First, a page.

Administration, ATO, SMSF, Tax

More admin pain from $3m soft cap

SMSF SMSF annual return Total superannuation balance Defined benefit pension $3 million earnings tax

SMSF trustees and practitioners are likely to face a greater administrative burden and associated costs as a result of the new $3 million soft cap.

A technical expert has forecast the proposed $3 million soft cap is more than likely to add significant administration procedures and costs for SMSF trustees and practitioners.

Colonial First State head of technical services Craig Day confirmed this will be the case for SMSF members receiving a defined benefit pension.

“Currently you don’t have to worry about reporting any value for that [pension] for total super balance purposes. Why? Because the ATO goes and looks at the transfer balance account value. From 30 June 2025, that value is now irrelevant for total super balance purposes,” Day noted.

“That means if you’re the trustee or the administrator, you’re now going to have to calculate a value using the new [regulations pertaining to the $3 million soft cap] and report them to the ATO.

“So [there will be] additional reporting obligations here.”

According to Day, the regulator will be looking to gather most of the information required to calculate and impose the new superannuation tax from the SMSF annual return. However, he noted this practice will again be problematic as the current annual return form is not fit for that purpose.

To illustrate this point, he recognised trustees currently report the proceeds from an insurance payout in the same box as they do their investment returns for the income year.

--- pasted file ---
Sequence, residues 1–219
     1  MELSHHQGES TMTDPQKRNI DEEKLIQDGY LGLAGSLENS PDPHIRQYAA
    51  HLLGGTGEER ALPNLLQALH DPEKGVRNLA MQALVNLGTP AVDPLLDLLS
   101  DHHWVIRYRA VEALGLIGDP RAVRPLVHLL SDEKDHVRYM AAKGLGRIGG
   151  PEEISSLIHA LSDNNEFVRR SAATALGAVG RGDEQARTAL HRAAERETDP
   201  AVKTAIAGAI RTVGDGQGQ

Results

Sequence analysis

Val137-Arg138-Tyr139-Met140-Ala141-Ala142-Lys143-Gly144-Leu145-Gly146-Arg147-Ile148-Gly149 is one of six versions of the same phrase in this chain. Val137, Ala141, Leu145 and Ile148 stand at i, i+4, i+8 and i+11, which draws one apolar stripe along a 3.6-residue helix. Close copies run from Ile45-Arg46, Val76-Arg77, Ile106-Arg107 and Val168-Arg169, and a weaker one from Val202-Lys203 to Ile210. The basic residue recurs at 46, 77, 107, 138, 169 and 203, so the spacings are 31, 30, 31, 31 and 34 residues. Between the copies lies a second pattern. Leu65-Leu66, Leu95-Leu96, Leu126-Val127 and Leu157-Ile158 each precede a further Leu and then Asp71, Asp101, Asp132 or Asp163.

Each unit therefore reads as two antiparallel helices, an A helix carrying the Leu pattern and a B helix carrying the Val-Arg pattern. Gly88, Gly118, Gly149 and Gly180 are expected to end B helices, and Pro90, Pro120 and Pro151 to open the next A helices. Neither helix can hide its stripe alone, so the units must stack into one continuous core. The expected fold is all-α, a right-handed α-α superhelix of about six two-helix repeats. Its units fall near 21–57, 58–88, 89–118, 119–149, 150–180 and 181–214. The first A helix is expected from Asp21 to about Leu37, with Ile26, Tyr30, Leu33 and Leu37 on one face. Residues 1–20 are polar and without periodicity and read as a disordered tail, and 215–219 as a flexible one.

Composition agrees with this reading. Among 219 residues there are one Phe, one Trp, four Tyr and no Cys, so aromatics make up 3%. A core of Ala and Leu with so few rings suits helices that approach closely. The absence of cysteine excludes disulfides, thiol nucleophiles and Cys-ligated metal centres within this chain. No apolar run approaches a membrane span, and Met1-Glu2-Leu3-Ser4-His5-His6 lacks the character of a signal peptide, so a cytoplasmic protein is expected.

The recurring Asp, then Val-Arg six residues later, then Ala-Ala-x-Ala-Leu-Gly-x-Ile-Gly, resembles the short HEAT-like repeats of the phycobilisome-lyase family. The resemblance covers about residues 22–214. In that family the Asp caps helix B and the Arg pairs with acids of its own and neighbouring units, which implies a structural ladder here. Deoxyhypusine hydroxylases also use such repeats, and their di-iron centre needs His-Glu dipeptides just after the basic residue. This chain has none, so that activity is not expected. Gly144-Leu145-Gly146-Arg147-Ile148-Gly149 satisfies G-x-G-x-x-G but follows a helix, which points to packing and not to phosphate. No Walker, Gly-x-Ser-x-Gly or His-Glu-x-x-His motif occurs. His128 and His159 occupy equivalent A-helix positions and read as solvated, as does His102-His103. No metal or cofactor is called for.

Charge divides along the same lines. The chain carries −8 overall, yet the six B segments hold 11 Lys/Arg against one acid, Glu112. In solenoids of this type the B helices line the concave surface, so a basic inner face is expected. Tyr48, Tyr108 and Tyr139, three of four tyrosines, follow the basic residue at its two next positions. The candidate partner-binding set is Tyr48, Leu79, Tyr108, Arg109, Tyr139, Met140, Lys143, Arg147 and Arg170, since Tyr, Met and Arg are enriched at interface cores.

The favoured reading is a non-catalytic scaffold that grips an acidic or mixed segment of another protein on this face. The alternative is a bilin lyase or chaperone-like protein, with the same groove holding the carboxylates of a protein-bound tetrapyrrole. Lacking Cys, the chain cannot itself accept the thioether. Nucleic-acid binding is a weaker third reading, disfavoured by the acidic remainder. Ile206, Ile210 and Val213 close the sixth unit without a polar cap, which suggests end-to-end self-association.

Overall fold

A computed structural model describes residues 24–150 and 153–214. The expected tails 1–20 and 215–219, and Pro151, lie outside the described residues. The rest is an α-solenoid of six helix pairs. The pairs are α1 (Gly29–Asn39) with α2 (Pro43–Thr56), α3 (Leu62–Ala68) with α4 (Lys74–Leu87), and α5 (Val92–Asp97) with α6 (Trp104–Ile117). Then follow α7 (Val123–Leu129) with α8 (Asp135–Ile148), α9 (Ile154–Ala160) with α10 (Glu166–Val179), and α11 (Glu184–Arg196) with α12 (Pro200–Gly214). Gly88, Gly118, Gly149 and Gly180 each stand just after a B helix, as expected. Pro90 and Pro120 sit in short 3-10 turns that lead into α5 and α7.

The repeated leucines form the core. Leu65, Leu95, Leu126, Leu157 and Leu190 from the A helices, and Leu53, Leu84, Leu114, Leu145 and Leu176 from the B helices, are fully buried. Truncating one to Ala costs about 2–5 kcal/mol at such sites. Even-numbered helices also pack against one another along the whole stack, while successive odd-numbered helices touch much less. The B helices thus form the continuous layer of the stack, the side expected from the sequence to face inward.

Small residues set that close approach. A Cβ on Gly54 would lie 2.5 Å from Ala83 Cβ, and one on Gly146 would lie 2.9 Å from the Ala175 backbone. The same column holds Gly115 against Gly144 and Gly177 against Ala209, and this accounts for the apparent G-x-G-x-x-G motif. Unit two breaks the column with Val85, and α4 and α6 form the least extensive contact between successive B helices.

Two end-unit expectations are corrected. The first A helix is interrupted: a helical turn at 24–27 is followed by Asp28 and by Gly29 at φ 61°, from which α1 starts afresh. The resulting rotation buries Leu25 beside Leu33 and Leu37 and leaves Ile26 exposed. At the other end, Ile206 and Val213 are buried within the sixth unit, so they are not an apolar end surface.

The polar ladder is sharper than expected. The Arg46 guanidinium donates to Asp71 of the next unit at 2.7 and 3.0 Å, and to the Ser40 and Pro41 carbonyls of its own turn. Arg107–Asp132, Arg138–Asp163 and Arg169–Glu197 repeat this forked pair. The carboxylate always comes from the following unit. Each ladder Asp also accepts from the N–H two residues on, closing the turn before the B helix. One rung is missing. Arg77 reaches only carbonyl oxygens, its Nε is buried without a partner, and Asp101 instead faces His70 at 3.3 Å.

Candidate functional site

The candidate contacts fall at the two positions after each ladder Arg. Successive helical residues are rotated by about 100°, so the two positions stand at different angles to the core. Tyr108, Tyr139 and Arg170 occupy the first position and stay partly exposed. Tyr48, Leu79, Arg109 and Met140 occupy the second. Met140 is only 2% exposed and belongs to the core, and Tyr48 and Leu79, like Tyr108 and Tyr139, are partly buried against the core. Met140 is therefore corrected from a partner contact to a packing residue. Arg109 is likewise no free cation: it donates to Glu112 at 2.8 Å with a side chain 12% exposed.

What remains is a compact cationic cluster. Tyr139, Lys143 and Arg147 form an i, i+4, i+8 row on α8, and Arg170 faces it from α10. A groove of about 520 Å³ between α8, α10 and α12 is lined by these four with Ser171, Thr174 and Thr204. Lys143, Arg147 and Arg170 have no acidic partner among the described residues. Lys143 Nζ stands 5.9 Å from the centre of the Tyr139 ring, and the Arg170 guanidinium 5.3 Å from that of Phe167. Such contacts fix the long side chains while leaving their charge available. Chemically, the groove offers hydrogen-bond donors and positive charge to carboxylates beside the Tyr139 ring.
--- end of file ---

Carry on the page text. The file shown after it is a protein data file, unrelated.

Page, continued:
“So how is the ATO going to know that figure is made up of two separate amounts – my earnings and my insurance proceeds? It won’t,” he said.

He suggested the situation will lead to the regulator having to revamp its approach to gathering the earnings information for the Division 296 tax and in turn will translate into greater expense and administration impositions for trustees.

One way the ATO may do this, he predicted, is to change the annual return, but noted amending one information field costs the government agency over $1 million.

He acknowledged there is an alternative, but warned it would place a greater direct burden on SMSF trustees.

This would involve the regulator issuing Division 296 tax determinations using existing information-gathering resources and techniques, and placing the onus on trustees to challenge these determinations should any earnings adjustments need to be made in a development that would put more pressure on them as well as practitioners.

“If you’re an administrator or an accountant and the client gets this letter, where do you think they’re going? Straight to your door to get help with that. Is that something you can charge for? Probably,” he said.

“But it’s more work and more red tape because of these rules. You just need to be aware of that.”

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